Santa Barbara’s Wonder Woman
Hannah-Beth Jackson may have run out of time as State Senator, but she never ran out of the fierce will that got her to Sacramento. She looks back on a legacy of fighting for disaster relief and equal rights for all.
Q. Which superhero do you visualize yourself as?
A. “I love Wonder Woman – that’s how I would visualize myself. She’s fighting for good, takes no grief from anybody, and is clearly an equal to anyone she comes in contact with. And in the movie, she was willing to withstand cold temperatures and difficult circumstances to continue pursuing her goals and was pregnant as well!”
– Hannah-Beth Jackson, former State Senator for California’s 19th District
Sure, Montecito has Ellen, Oprah, Meghan, super-celebrities whose fame is so outsized that just their first name alone lives large in our collective imagination. But there is another woman in the 93108 whose (albeit hyphenated) first name alone is enough to stir amazement. That’s Hannah-Beth, as in Hannah-Beth Jackson, the Boston-bred politician and Santa Barbara’s own superhero.
Hannah-Beth Jackson has served fiercely in the halls of justice as an attorney, prosecutor, politician, and a California state representative, first as our assembly member (1998-2004) then as senator in Sacramento (2012-2020). And I imagine her just as competitive on the tennis courts of Knowlwood Tennis Club. On November 30, she finished her state senatorial duties because of term limits. Hannah-Beth, as we all know her, has ably and tirelessly represented some one million constituents for the past eight years.
The self-avowed feminist (also a wife, mother, and grandmother) has plenty to be proud of, including authoring the Equal Pay Law, the strongest one in the country ensuring equal pay for women, a model today for more than 43 other states. And we, the people, have plenty to be grateful for.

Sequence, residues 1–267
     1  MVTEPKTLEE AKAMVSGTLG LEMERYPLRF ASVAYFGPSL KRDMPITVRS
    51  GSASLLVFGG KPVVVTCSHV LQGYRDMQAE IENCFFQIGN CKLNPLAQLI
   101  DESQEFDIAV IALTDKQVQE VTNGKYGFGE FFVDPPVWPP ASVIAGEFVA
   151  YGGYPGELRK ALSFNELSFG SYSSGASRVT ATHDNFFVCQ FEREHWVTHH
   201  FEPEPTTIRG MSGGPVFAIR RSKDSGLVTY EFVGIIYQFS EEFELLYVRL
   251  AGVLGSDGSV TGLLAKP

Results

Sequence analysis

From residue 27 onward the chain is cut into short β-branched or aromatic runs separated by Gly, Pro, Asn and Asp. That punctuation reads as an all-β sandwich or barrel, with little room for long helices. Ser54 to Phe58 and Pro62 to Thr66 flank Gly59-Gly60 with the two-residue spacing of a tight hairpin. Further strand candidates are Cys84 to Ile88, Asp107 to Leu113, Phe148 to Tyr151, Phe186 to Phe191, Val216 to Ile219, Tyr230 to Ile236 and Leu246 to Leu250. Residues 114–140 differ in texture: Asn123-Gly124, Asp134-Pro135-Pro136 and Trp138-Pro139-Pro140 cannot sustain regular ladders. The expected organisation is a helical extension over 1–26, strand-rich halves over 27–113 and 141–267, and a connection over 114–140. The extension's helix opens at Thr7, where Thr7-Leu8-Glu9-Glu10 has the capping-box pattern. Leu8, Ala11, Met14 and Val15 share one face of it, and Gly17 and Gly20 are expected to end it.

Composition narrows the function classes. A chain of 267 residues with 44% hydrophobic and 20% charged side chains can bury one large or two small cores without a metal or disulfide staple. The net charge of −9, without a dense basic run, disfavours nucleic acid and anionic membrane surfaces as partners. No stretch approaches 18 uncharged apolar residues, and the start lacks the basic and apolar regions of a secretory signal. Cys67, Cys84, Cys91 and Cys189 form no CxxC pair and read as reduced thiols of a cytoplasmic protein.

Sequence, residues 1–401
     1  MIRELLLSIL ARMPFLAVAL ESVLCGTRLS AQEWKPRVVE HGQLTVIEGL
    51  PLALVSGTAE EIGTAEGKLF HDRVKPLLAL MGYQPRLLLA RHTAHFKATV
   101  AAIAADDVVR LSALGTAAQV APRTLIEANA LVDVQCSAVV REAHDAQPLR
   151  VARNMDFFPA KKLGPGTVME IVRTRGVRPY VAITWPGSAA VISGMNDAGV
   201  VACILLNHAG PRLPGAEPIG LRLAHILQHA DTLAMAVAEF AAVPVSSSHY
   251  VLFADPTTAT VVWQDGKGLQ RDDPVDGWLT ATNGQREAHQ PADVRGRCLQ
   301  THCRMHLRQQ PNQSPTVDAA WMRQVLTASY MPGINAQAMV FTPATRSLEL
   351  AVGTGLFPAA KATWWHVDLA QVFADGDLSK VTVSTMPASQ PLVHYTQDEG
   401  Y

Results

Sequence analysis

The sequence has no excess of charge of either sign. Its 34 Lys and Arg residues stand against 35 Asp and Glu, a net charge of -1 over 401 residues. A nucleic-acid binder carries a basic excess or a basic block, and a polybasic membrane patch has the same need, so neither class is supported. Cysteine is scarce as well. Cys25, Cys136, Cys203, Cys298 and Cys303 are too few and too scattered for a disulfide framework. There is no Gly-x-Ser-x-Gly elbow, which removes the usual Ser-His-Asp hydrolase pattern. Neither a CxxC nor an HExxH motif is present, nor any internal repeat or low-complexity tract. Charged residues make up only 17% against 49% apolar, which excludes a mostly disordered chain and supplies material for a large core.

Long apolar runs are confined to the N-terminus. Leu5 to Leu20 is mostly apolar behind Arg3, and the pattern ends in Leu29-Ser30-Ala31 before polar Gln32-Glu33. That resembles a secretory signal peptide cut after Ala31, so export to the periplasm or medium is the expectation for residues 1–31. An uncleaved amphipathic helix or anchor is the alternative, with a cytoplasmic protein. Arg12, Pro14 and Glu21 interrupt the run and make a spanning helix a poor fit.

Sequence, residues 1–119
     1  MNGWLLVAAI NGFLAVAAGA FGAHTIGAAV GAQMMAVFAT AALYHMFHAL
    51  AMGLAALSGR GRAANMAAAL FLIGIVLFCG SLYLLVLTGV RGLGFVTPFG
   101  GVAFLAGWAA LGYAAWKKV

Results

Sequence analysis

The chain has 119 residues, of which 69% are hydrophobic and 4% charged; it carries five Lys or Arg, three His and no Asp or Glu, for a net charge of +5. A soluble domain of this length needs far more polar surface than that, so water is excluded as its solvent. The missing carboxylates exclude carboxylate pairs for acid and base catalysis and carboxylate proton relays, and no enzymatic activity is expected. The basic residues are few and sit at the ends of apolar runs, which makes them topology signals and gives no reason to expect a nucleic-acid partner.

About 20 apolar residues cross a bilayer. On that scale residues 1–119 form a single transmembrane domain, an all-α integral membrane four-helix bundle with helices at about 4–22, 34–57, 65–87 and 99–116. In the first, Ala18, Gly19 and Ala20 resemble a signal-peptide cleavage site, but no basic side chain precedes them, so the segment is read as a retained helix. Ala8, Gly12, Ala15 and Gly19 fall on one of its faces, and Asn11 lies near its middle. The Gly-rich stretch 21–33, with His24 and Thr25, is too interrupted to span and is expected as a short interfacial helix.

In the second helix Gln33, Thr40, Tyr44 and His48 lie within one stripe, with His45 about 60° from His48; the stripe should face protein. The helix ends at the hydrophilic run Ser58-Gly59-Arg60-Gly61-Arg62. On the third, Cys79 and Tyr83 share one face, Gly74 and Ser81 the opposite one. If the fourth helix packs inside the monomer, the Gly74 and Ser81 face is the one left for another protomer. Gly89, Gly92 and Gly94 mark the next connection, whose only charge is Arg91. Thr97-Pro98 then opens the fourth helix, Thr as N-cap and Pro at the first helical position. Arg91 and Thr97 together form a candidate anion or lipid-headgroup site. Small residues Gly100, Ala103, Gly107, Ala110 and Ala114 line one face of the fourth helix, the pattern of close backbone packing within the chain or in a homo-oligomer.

“I want to lend my voice to the chorus of voices acknowledging your extraordinary leadership,” Governor Gavin Newsom told her during Sunday’s 50th Annual Holiday Membership meeting of the Santa Barbara Democratic Women. “Your stewardship, your faith, and devotion to the cause of working families, working on unpaid family leave, incredible environmental stewardship, your legacy of environmental leadership that’s been demonstrable for years and years – not just recently but for the greater part of your career.”
Her many other accomplishments during 12 years in Sacramento (first as assemblywoman, then senator), as well as those in her final legislative session, are well-known to those who follow her: paid family leave, corporations required to put more women on their boards (both have taken root in other states) and, most recently, the capping of the leaking Becker oil wells in Summerland, which she fought for and passed legislation on – and secured $14 million in funding.
During our chat, I asked Hannah-Beth whether there were other things she’d hoped to accomplish that didn’t make it across the finish line of our democratic system. We spoke about the “deliberate” slow and winding legislative process, the limitations of the final session due to COVID-19, including the interesting twist during final days when her Republican colleagues were banished to Zoom after one member came down with the virus.
“The normal joviality, friendly debate, and discussions on the floor were moot,” she said.